According to the US Bureau of Labor Statistics, the average American will change jobs 10-15 times over the course of their working life. That’s a new job, every 5 years. In part 1 of this post, we offer 3 important steps to help you you take the next step in your career. In this post, we share more tips to help you make a change for the better. For part 1, click here.
It’s not about you. There was a time when a job seeker had 1 resume which he or she sent to every prospective employer. These days, however, it is not only possible for you to customize your resume to meet the requirements of each job, it is imperative. Employers are not looking to see how impressive you are; they want to know if you can do the job. And don’t forget to give your cover letter the same custom treatment. A cover letter can set you apart and tell your story in a way a resume or social media profile cannot.
Get professional help. There is an old saying “sometimes, you have to spend money to make money.” That is, to make yourself more marketable, you may need to consider investing in additional education or professional services like resume-writing assistance and a professional headshot. But, if you want to do better than the 3 percent raise the average worker receives, you may need to spend some money up front. But, with the right skills and credentials as well as the proper job search strategies in place, it will be worth it.
Looking for more help and ideas on how to advance your career? Join us on June 20, from 5:00-8:00 pm, for Hire Ed, an education and career even. Learn how you can get the skills and knowledge you need to make a change for the better. For more information, contact an Admissions Counselor at 617-989-4300. Or register here: wit.edu/hire-ed
Ready to advance your career? We can help (part 1)
According to the US Bureau of Labor Statistics, the average American will change jobs 10-15 times over the course of their working life. That’s a new job, every 5 years.
There are a number of reasons why people change jobs but, more often than not, the reason a worker changes jobs, or even careers, is to advance to something better – whether it’s more pay, a higher position, or a career that is a better “fit” for their skills and interests.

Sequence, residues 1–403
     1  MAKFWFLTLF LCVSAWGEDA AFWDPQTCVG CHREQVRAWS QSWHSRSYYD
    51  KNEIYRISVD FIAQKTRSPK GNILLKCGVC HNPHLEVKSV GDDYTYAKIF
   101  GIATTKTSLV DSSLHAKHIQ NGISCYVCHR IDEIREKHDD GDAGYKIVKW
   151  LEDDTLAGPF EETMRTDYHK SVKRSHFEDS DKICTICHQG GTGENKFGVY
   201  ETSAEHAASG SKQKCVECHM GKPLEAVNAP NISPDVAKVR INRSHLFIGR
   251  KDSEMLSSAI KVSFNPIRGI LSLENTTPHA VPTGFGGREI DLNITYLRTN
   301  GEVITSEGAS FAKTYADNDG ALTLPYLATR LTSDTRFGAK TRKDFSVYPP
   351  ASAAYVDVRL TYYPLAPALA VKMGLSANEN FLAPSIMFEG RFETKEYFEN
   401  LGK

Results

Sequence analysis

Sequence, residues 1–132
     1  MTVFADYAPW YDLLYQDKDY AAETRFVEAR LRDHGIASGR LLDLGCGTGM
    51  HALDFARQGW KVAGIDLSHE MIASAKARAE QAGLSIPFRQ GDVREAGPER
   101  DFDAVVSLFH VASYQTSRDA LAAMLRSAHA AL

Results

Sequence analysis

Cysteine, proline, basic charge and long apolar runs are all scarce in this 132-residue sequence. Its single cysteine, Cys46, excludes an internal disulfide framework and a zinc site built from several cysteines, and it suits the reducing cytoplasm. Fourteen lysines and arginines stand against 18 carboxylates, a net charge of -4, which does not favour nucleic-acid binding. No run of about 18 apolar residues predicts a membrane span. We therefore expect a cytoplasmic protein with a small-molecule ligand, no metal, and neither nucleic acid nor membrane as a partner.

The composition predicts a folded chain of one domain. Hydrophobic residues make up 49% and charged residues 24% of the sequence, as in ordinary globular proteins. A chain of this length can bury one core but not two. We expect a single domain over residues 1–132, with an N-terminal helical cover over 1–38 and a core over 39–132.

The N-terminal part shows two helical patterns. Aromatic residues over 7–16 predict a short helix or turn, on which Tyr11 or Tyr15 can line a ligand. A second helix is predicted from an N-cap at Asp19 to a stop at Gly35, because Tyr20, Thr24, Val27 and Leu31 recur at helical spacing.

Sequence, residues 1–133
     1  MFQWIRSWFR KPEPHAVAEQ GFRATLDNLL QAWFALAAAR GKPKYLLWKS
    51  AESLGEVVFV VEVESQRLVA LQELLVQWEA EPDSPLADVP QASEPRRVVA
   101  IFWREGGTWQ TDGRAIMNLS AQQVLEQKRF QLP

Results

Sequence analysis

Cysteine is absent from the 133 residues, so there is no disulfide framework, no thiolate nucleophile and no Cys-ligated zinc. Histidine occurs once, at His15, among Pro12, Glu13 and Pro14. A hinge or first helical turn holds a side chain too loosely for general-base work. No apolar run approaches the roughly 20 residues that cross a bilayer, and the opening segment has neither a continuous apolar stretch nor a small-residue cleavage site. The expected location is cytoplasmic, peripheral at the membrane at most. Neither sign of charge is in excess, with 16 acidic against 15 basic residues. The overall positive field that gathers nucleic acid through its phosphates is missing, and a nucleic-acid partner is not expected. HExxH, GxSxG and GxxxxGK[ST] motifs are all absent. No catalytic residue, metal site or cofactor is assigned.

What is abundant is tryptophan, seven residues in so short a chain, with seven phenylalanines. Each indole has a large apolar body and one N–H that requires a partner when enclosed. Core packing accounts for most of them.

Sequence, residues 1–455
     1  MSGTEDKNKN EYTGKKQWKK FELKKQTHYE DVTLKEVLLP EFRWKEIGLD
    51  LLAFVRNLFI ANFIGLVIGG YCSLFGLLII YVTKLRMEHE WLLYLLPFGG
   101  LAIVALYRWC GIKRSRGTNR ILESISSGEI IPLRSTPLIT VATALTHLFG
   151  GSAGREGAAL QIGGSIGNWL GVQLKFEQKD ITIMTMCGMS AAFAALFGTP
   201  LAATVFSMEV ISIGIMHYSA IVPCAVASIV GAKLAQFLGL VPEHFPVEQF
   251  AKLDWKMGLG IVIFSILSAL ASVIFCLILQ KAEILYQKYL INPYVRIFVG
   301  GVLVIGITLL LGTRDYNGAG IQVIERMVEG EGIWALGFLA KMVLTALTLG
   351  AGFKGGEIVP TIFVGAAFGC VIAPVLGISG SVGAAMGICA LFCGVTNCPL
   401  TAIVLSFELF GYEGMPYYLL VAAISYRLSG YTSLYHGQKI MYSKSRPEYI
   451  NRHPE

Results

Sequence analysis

Whatever the reason, frequent job changes demand that workers not only have up-to-date skills and knowledge, but they also need to know how to conduct an effective job search and market themselves appropriately. Here are 3 things you can do to make a change for the better in your career. Continue reading →
Gustavo Siguenza never expected to be where he is today.
A carpenter from Dorchester, Siguenza always wanted to go to college but never had the chance. “I didn’t finish high school,” he explains “which prevented me from going to college.” When the opportunity did present itself, however, Siguenza jumped at it.
At first, he tried attending a community college but had a bad experience. As an adult learner, Siguenza worried about fitting in and getting used to being back in a classroom. “I enrolled in community college to ease my fears,” he says.” But, actually, it did the opposite.” In the community college, he felt isolated and alone as he tried to navigate the college experience. “I almost gave up on pursuing a degree,” he says. Continue reading →
Last Friday, the Bureau of Labor Statistics released its latest unemployment numbers. And the news is good. Again.
In October, the unemployment rate held steady at 3.7 percent, the lowest it’s been in nearly 50 years, as 250,000 new jobs were added. Wages were up as well by 3.1 percent, the largest year-over-year gain for hourly wages in over a decade according to the Wall Street Journal. With so many job openings, as well as job-seekers, now is the time to think about your skills and how to stand out in a crowd. Continue reading →
Most working adults cite “career advancement” as their primary reason for returning to school. Among online students, more than three quarters pursue programs for “career-focused” reasons (Magda, 2018).
But, sometimes having advanced skills and knowledge, and even a degree, isn’t enough to get you where you want to be. Working adults need help identifying new opportunities, building resumes, and preparing for interviews in a new field or industry. In the following post, Janel Juba of Wentworth’s Center for Cooperative Education and Career Development shares some insights on what working adults can expect from career services:
At the Center for Cooperative Education and Career Development, we deliver the necessary resources to be effective in the workplace, provide essential job search strategies and teach students how to find jobs that align with their classroom knowledge, skills and interests. Our mission is to EQUIP students with the necessary tools to EVOLVE their skills and ultimately EXCEL in their industry. Continue reading →